The need for an authentic sense of vision in order to bring about the desired healing effect cannot be over-emphasized. As Jung himself sternly remarked: “It is high time we realized that it is pointless to praise the light and preach it if nobody can see it. It is much more needful to teach people the art of seeing” (Psychology and Alchemy, page 13, ¶14). This is where myth comes in as the indispensable instrument of vision to light our paths—like the Phoenix reborn from the ashes of time.

Yours,

Norland Tellez, PhD

Norland TellezNorland Tellez is an artist and teacher with over 20 years of experience in the animation industry. He graduated from CalArts in 1999 and went on to work as a 2D animation artist for Walt Disney Feature Animation as well as Warner Brothers. He also completed a Masters and Doctorate degrees in the study of mythology at Pacifica Graduate Institute with a dissertation on the Popol-Vuh, a classic of Mayan mythology. He was the recipient of the Joseph Campbell Research Grant in 2006.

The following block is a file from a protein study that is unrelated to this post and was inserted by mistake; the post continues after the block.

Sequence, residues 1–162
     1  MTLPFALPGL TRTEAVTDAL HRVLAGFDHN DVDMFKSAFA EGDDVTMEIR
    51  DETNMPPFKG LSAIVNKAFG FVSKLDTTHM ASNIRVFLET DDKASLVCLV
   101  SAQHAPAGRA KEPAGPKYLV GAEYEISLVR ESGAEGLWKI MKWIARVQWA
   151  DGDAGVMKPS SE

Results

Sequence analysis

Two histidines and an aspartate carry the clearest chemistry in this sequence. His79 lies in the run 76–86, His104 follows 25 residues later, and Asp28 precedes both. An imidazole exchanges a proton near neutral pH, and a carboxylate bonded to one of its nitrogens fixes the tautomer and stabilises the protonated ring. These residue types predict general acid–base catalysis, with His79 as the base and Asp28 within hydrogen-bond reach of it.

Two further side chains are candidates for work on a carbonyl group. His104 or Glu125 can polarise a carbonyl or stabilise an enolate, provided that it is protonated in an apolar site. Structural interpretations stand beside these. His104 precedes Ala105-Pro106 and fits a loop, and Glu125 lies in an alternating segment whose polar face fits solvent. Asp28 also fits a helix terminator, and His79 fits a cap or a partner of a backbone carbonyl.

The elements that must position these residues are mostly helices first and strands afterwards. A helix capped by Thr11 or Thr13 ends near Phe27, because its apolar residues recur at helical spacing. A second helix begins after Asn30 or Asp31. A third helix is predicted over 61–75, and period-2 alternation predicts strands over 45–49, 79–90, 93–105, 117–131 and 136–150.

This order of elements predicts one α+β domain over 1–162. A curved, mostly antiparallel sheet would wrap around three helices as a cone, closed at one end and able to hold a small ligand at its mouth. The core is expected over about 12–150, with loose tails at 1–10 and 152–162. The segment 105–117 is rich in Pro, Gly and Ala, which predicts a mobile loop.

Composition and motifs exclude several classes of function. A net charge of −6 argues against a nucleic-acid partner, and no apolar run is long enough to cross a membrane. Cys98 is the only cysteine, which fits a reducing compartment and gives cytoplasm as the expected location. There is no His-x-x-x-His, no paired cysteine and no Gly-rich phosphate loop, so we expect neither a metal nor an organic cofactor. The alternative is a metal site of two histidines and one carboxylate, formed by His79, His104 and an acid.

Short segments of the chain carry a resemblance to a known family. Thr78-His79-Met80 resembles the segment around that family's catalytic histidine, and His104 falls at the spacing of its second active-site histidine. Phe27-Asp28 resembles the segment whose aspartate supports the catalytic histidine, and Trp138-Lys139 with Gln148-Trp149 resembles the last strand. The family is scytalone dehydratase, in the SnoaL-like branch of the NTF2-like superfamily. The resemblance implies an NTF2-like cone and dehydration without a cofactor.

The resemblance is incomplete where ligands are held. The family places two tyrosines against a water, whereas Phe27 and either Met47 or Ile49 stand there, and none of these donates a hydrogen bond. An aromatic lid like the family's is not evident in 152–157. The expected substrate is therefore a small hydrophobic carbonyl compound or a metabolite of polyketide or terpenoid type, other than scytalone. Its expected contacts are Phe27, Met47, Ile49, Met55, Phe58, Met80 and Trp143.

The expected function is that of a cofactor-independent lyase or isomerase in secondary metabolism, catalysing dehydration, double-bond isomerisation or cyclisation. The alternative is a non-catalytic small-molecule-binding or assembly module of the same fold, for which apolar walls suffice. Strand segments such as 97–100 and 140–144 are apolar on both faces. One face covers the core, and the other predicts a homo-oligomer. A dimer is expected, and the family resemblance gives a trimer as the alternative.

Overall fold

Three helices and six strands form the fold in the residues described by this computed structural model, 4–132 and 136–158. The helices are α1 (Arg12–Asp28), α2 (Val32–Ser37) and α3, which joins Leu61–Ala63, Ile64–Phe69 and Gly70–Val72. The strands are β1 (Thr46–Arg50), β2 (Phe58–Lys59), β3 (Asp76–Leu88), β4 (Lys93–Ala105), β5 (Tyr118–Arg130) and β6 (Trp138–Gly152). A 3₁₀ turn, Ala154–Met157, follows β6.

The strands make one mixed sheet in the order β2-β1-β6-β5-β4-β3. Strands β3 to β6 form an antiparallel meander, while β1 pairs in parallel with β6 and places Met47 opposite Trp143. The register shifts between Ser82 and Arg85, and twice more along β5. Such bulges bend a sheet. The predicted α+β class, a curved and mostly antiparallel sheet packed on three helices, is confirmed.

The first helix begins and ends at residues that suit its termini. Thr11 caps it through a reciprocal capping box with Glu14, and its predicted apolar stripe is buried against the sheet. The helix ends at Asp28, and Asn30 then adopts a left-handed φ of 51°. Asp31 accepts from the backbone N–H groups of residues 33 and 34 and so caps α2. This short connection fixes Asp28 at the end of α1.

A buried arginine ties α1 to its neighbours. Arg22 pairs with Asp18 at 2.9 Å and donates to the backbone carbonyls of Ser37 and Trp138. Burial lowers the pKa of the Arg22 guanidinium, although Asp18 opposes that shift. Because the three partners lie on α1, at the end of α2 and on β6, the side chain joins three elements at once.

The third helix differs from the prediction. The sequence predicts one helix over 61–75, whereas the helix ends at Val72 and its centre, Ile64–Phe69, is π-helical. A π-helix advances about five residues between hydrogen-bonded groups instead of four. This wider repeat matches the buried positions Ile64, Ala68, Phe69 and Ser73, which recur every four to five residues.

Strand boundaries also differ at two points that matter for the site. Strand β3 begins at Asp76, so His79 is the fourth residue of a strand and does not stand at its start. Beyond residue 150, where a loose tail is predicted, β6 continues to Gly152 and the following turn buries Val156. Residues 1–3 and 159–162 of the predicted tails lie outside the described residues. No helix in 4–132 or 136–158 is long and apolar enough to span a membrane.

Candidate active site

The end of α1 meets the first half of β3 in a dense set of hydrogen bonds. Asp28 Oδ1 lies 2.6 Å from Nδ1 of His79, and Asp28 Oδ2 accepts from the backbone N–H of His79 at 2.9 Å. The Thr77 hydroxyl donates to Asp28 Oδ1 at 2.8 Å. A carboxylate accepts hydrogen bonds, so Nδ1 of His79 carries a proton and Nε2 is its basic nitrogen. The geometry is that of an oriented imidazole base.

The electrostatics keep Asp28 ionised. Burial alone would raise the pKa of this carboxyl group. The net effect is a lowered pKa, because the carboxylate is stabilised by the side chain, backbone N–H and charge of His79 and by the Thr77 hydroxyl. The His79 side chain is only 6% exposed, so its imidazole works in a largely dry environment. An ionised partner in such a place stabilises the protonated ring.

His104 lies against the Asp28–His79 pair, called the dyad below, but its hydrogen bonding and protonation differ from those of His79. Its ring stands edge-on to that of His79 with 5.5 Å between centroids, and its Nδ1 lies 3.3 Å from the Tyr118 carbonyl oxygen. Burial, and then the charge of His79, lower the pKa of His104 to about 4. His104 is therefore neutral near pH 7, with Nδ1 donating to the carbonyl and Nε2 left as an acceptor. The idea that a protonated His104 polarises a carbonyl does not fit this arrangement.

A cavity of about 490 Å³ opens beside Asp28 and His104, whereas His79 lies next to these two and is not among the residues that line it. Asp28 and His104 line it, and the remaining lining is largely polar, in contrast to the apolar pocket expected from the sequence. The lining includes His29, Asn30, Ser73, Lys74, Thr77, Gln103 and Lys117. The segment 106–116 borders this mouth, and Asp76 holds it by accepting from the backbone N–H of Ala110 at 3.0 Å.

As a writer and director, Norland has helped to produce award-winning educational properties, most notably the Once Upon a Sign mini-series for DawnSignPress and SignWorldTV, which features deaf actors using American Sign Language with voice-over acting.

As a teacher of Life Drawing and other animation-related fields, Norland has taught at CalArts and Santa Monica Academy of Entertainment and Technology, as well as the Art Institute of California Los Angeles.

Find out more at NorlandTellez.com